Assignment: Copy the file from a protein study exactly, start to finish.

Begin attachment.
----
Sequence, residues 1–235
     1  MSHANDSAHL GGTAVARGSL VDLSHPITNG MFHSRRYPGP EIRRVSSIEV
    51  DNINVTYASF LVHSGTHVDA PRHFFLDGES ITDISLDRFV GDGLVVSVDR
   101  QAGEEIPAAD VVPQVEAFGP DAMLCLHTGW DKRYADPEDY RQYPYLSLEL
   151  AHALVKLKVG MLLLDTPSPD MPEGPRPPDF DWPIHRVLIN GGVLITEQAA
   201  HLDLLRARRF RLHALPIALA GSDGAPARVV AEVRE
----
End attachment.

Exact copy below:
Sequence, residues 1–235
     1  MSHANDSAHL GGTAVARGSL VDLSHPITNG MFHSRRYPGP EIRRVSSIEV
    51  DNINVTYASF LVHSGTHVDA PRHFFLDGES ITDISLDRFV GDGLVVSVDR
   101  QAGEEIPAAD VVPQVEAFGP DAMLCLHTGW DKRYADPEDY RQYPYLSLEL
   151  AHALVKLKVG MLLLDTPSPD MPEGPRPPDF DWPIHRVLIN GGVLITEQAA
   201  HLDLLRARRF RLHALPIALA GSDGAPARVV AEVRE